Tesla owners charged up over RAC roadside assistance service for stranded EVs

The RAC rolled out its first electric roadside assistance van in Perth this week complete with a mobile charger that can top up a stranded EV with 15km of range in about 20 minutes, enabling the driver to get to the nearest charging facility in the metropolitan area.

Peter Petrovsky, commercial relations spokesman for the Tesla Owners Club of Western Australia, has some reservations about the initiative.

Olga de Moeller

Contrary to some of the nonsense on social media, the RAC EV mobile charger uses a battery rather than a diesel generator — but even if it did use a diesel genset, so what? Even if an EV needed rescuing with a diesel generator every single week, it’s still better for our air and the environment than a traditional petrol car.

I love the RAC, they’re a great organisation and it’s good they are thinking this way. I just wish they’d consulted the Tesla Owners Club of Western Australia (TOCWA) first because I wonder whether it may be a case of a solution looking for a problem.

An EV is not like an internal combustion engine car; it’s actually a lot harder to run out of charge in an EV. Not only is the instrumentation much more accurate than a petrol gauge and not only does it scream and yell at you before you’re at risk of running out of electrons, but like most EV owners, I wake up every morning with at least 10 days of driving so it’s near impossible to run of out of charge in the city.

I’ve also driven the shortest range car that Tesla makes — all 13,600km around Australia and I was using the battery virtually 24/7 for 17 days straight because I was either driving, charging, watching YouTube and Netflix or using the climate control while camping in the car every night. Not only did I not run out of charge, but the battery didn’t skip a beat.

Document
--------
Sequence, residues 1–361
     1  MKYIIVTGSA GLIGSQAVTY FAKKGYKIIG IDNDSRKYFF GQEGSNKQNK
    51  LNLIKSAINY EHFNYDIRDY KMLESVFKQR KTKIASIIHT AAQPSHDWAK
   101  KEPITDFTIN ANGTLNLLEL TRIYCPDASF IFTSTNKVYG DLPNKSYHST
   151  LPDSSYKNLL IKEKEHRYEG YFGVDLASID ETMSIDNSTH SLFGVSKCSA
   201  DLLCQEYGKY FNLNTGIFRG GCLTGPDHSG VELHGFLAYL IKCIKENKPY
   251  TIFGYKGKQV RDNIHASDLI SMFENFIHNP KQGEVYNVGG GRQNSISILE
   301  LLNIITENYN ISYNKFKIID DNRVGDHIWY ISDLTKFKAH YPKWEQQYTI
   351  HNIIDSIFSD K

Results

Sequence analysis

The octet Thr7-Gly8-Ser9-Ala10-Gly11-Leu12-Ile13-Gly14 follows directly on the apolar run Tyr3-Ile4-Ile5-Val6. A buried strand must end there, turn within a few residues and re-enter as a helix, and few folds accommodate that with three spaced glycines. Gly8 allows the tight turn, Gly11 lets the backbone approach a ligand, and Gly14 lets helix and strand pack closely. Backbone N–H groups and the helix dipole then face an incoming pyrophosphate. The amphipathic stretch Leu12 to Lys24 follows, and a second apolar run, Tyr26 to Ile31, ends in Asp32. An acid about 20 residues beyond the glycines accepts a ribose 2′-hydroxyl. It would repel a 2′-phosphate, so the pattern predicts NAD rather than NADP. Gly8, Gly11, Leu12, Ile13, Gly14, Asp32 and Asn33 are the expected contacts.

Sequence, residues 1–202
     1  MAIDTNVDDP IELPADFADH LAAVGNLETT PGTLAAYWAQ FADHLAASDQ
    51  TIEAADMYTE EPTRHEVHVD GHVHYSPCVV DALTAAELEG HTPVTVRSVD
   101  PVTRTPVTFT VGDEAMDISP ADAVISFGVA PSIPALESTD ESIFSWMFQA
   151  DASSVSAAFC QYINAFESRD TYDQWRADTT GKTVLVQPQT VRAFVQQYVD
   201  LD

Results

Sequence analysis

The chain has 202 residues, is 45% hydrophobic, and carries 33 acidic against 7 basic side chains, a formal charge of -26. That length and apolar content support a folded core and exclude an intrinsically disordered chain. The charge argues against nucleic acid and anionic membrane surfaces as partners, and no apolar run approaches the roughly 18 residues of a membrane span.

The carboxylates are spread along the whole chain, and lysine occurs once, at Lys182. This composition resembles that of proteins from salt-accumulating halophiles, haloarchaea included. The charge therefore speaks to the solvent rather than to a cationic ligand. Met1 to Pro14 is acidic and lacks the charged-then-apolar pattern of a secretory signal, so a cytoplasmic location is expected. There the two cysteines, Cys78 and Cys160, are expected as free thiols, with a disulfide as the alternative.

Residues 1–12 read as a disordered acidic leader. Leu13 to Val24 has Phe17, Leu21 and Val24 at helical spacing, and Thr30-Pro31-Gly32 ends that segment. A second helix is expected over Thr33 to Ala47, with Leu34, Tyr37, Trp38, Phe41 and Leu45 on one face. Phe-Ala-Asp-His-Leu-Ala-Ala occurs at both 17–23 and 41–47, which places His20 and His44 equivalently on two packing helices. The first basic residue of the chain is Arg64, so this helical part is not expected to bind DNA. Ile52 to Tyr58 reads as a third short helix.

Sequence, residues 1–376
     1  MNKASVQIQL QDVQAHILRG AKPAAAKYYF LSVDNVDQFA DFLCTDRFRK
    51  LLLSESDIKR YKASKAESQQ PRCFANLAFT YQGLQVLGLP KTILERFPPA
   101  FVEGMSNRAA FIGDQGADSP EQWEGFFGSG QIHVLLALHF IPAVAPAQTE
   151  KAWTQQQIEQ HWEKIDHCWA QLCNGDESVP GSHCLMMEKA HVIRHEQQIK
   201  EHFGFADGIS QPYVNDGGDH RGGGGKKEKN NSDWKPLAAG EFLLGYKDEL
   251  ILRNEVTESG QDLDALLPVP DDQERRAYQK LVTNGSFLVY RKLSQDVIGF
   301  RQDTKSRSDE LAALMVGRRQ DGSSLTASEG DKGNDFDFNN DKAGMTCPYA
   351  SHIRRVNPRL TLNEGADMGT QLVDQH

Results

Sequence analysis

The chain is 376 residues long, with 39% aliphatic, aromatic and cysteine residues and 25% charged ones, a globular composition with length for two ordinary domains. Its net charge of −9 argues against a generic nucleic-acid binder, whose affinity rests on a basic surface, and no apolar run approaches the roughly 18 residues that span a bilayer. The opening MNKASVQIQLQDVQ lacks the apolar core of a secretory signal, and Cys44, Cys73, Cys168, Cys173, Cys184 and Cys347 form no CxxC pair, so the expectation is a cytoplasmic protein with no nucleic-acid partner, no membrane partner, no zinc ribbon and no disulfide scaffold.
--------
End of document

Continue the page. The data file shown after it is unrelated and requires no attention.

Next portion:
I also now own five Teslas and rent them out. None of my renters, some of whom have driven the cars to Esperance, Geraldton, and so on, have ever run out of charge, either. Also, the TOCWA is approaching 5000 members on its private Facebook page and I don’t think there’s anyone there who’s run out of charge as yet.

The fact is when you run out of petrol, your only option is a service station but, in an emergency situation, an EV can charge at any petrol station, even off-grid ones. You can also pull over at any business or house because wherever you can plug in a hair dryer, you can charge an EV. That said, Synergy and Horizon Power have installed more than half of the WA EV network DC chargers which, in a couple of months, will cover most of the State at approximately 200km average intervals. Therefore, I wonder how much use the mobile RAC charger will get, especially in the metropolitan area it seems designed for.

I just don’t want it to cause more harm than good, especially if it’s advertised to non-EV drivers, for whom it may only reaffirm their misguided preconceived beliefs that EVs are not feasible in a city like Perth or a state like WA.

Pete Petrovsky, TOCWA



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